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‘Getting here cost us everything’: Making a new life in Syria’s Kurdish north

Muthanna al-Hamid and his family of 10 said goodbye to […]

14 November 2017

Muthanna al-Hamid and his family of 10 said goodbye to their home in a village along the Euphrates River in Syria’s eastern Deir e-Zor province in September, as battles to drive out the Islamic State made it too dangerous to stay.

He found smugglers willing to take his family and three others north through Deir e-Zor’s eastern countryside towards territory controlled by the US-backed Syrian Democratic Forces (SDF).

Over the course of the journey, al-Hamid spent hundreds of dollars—nearly every cent he had—in payments for smugglers and bribes at checkpoints.

“We had to pay whatever they asked,” he tells Syria Direct. “Especially when threatened with being sent back where we came from.”

Al-Hamid and his family arrived at the SDF-administered Sidd camp for displaced Syrians, located around 20km south of the Kurdish-majority Hasakah city in northeastern Syria.

For the displaced, leaving the Sidd camp is forbidden without a sponsor. After asking relatives and friends in Hasakah, al-Hamid decided to pay another $300 to a smuggler to take him from the camp to Hasakah city.

Hasakah city in November. Photo courtesy of Hasakah Gate.

 Today, al-Hamid and his family are staying with relatives, packed into two small homes in Hasakah city. He has tried to find another place to live, he says, but can’t find anyone willing to rent to someone from Deir e-Zor, because of a suspected bias that Syrians from there support the Islamic State.

“Every time we’ve gone to a real estate office to ask about a house to rent, we’re asked the same question,” says al-Hamid. “‘Are you from Deir e-Zor?’”

Since he arrived just over a month ago, Muthanna has been turned away by about a dozen landlords—despite having money for rent—in Hasakah, he tells Syria Direct’s Julinar Abdelkarim at the home he shares with relatives.

Syria Direct reached out to several Self-Administration officials over the course of five days for comment on al-Hamid’s allegations. All either declined to provide comment or did not reply.

“Getting here cost us our entire life as we knew it, just to reach a place where we are ostracized and despised in every sense,” says al-Hamid.  

Q: Can you tell me about your trip from Deir e-Zor to the SDF camps?

When we reached the Sidd displacement camp, we saw huge overcrowding. Refugees were still coming in from Deir e-Zor, and there were thousands of people. Some slept uncovered on the ground because there wasn’t enough shelter for everyone. Two or three families shared a single tent.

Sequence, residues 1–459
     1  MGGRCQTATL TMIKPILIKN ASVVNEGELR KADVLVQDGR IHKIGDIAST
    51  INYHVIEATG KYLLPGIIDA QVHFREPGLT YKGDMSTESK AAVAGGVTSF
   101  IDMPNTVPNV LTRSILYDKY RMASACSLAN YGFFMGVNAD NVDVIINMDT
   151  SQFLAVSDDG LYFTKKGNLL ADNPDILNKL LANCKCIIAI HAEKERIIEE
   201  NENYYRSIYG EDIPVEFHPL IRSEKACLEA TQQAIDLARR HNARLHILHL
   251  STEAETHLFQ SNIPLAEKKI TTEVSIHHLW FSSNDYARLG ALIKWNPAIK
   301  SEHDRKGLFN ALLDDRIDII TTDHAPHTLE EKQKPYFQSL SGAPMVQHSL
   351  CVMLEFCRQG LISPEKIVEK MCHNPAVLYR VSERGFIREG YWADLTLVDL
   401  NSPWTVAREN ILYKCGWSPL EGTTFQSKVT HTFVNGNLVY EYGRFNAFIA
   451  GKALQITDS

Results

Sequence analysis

The weather was still hot when we were in Sidd [in September] and the sun’s rays reflected off the hot sand. Whenever the wind came up it blew sand in our faces.

We spent five days there.

[Ed.: In late October, Syria Direct reported on poor conditions and the spread of disease in Sidd, which is among the closest displacement camps to Deir e-Zor province. The camp is under the authority of the Syrian Democratic Forces.]

Q: Why did you leave the Sidd camp?

For us, the camp was a kind of vast prison. There was nothing—no services, electricity, water, doctors or medicine.

We had to find a way out of there. We called all of our friends and relatives—anyone we knew who had fled Deir e-Zor for Hasakah since the revolution began [in 2011]—hoping to find someone who would help us leave. Every one of them said that there was no way out of the camps unless we were willing to pay more money for another smuggler to take us out.

After negotiating with three smugglers, we reached an agreement with one of them. He would take us out in exchange for SP125,000 [approximately $250] per person. For my family of 10, this meant we’d have to pay SP1,250,000 [approximately $2,500]. The smuggler took us out on two consecutive nights, five people at a time.

Finally, we reached Hasakah city [in late September] and are staying with relatives here. My three youngest children, my wife and I are staying at my sister’s house, where she lives with her family, married daughter and her daughter’s children. It’s a three-room house.